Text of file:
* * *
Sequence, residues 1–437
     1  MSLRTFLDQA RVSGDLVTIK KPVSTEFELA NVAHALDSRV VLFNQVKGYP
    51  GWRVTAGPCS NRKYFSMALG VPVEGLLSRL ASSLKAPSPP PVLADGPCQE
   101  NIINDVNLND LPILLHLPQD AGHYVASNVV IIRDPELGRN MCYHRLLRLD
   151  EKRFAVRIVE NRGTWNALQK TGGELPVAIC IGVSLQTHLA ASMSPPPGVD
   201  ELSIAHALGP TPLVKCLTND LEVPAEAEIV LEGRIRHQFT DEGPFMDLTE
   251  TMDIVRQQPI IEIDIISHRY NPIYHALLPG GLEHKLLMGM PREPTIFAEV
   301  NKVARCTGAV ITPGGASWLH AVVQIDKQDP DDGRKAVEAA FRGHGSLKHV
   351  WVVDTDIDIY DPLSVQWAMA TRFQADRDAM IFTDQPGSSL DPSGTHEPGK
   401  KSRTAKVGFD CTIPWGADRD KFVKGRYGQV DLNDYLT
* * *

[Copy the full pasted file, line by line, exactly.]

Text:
Sequence, residues 1–437
     1  MSLRTFLDQA RVSGDLVTIK KPVSTEFELA NVAHALDSRV VLFNQVKGYP
    51  GWRVTAGPCS NRKYFSMALG VPVEGLLSRL ASSLKAPSPP PVLADGPCQE
   101  NIINDVNLND LPILLHLPQD AGHYVASNVV IIRDPELGRN MCYHRLLRLD
   151  EKRFAVRIVE NRGTWNALQK TGGELPVAIC IGVSLQTHLA ASMSPPPGVD
   201  ELSIAHALGP TPLVKCLTND LEVPAEAEIV LEGRIRHQFT DEGPFMDLTE
   251  TMDIVRQQPI IEIDIISHRY NPIYHALLPG GLEHKLLMGM PREPTIFAEV
   301  NKVARCTGAV ITPGGASWLH AVVQIDKQDP DDGRKAVEAA FRGHGSLKHV
   351  WVVDTDIDIY DPLSVQWAMA TRFQADRDAM IFTDQPGSSL DPSGTHEPGK
   401  KSRTAKVGFD CTIPWGADRD KFVKGRYGQV DLNDYLT